Awesome - Eric Kandel spent most of his life studying single neurons in the marine mollusc Aplysia californica. These sea snails have incredibly large (by comparison) neurons, which makes understanding their function slightly easier. His work extended into other areas of brain function, and in many regards he is one of the fathers of modern neuroscience.
Now, at 82 (I think), he is an ambassador for psychology and neuroscience in the public sphere, having hosted a series of roundtable talks on the Charlie Rose Show about current research in psychology, psychotherapy, and neuroscience. His most recent book is The Age of Insight: The Quest to Understand the Unconscious in Art, Mind and Brain from Vienna 1900 to the Present.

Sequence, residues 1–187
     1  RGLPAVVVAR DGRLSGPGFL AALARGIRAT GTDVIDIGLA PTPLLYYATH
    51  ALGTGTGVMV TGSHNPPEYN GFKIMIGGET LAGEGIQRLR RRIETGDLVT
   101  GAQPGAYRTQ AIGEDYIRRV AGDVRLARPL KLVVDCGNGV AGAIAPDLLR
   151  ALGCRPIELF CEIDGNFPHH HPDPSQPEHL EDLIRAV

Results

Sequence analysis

He was the recipient of the 2000 Nobel Prize in Physiology or Medicine for his research on the physiological basis of memory storage in neurons. He shared the prize with Arvid Carlsson and Paul Greengard. His textbook, Principles of Neural Science, first published in 1981 and entering its fifth edition, is a standard text for many students.
In his latest book The Age of Insight: The Quest to Understand the Unconscious in Art, Mind and Brain from Vienna 1900 to the Present, Nobel Prize winner Eric Kandel talks about the intersection between theories of creativity and brain science. He responds to viewer-submitted questions in this livestream interview, originally recorded on March 22, 2012.